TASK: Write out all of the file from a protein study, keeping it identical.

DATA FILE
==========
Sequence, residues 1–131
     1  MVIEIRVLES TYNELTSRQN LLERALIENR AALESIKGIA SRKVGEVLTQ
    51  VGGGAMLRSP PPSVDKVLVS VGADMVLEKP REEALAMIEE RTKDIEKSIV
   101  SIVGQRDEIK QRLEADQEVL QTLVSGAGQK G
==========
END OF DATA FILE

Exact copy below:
Sequence, residues 1–131
     1  MVIEIRVLES TYNELTSRQN LLERALIENR AALESIKGIA SRKVGEVLTQ
    51  VGGGAMLRSP PPSVDKVLVS VGADMVLEKP REEALAMIEE RTKDIEKSIV
   101  SIVGQRDEIK QRLEADQEVL QTLVSGAGQK G